I'm excited because I found a book called Find Your Red Thread: Make Your Big Ideas Irresistible
and even though I'm only 29% of the way through the book I am “Santa Clause is coming tonight” excited about reading the rest of it. I'm also going to talk about focus. This is from the book Secrets of Dynamic Communications: Prepare with Focus, Deliver with Clarity, Speak with Power by Ken Davis.
Is Your Audience Asking the Wrong Question
So many times I see people say things like this:
I have a ____ microphone, I'm thinking of replacing it. What's the best microphone?
The better question here is why are you thinking of replacing it?
Do you not like the sound of your voice? If so, what is wrong with it?
How do I find guests for my show?
Who has the information my audience needs and is willing to share it?
I've been podcasting for seven months – how do I get advertising?
Advertisers don't seek out podcasters who have been producing shows for X amount of years. If so, I'd be a millionaire (celebrating 17 years in April). A better question might be, “How many downloads do I need to approach a sponsor?”
I've got X Amount of downloads is that good?
The better question is, “Why are you podcasting and what will it take to keep you podcasting?
Attracting Your Audience
So we may need to answer the questions our audience is asking (even if it is not the question they should be asking) so we can develop that relationship and then point them toward the question they should be asking.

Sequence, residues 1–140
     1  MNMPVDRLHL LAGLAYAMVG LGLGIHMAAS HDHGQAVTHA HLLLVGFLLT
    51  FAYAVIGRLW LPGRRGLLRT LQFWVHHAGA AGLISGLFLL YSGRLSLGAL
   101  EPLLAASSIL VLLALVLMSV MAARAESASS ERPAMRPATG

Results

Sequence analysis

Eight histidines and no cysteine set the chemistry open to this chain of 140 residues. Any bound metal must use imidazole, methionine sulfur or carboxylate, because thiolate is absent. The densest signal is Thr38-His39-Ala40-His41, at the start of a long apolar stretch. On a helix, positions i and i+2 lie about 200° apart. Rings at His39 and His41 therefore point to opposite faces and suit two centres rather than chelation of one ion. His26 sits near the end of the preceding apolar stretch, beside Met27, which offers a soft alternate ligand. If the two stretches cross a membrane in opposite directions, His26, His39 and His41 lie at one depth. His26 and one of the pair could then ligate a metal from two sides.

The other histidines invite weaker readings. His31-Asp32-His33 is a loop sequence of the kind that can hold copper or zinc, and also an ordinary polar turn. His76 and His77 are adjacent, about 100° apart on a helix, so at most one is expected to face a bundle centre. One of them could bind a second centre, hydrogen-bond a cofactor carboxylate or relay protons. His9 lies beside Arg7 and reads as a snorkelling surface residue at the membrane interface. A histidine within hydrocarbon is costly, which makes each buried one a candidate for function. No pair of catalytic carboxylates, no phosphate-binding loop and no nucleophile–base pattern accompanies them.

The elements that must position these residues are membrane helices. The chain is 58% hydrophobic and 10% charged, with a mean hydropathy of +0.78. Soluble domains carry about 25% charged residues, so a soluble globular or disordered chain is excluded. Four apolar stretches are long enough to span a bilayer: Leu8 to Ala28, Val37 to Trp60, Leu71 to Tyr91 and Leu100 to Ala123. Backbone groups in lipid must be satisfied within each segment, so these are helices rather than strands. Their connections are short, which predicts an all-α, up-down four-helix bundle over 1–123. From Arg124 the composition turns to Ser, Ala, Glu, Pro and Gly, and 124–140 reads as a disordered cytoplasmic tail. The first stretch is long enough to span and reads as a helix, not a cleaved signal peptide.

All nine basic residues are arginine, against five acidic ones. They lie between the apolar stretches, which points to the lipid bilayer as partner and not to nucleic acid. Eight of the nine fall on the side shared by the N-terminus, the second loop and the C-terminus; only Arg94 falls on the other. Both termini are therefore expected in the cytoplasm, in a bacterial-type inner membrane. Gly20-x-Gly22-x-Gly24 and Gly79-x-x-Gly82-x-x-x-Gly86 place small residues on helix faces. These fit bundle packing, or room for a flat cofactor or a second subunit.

Sharpening Your Content Using Focus Sentences
This is from Secrets of Dynamic Communications: Prepare with Focus, Deliver with Clarity, Speak with Power by Ken Davis.
What is it you're trying to say in this segment, episode, interview? Ken states, “The central theme must be brief and crystal clear. The purpose for choosing a central theme is to narrow the content of the talk to a manageable amount of specific information. This keeps the speaker from covering too much and keeps the audience from going into a coma.
He states that when you hear a podcaster going all of the places (the dreaded tangent) it may be, “because they had not disciplined themselves to decide on their focus by choosing a single aspect of their subject as a central theme.”
For me having a common theme/focus sentence makes editing easier as you have a clear outcome in sight. You can see what boosts the listener's understanding and what doesn't. In this episode, I took a tangent on how many movies are all “icing and now cake.” While it's true, I didn't feel it was helping the current discussion.
There is an article on Transom.org about focus sentences. He mentions using the phrase, “Someone does something because, but….”
The BUT in that framework creates tension for the audience and they want to know what happens.
Planet Money uses, “I’m doing a story on X and it’s interesting because of Y.”
According to the book Out on the Wire: The Storytelling Secrets of the New Masters of Radio, NPR may use this framework. “This happened _____, then this _____, then this_____, and then you wouldn’t f—ing believe it but _____ . And the reason that is interesting to every single person walking on the face of the earth is _________.
Question of the Month
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Are people going to listen to me? (Yes, cause I'll show you how to see what they want).
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I don't anything about this technology (You said the same thing about driving).
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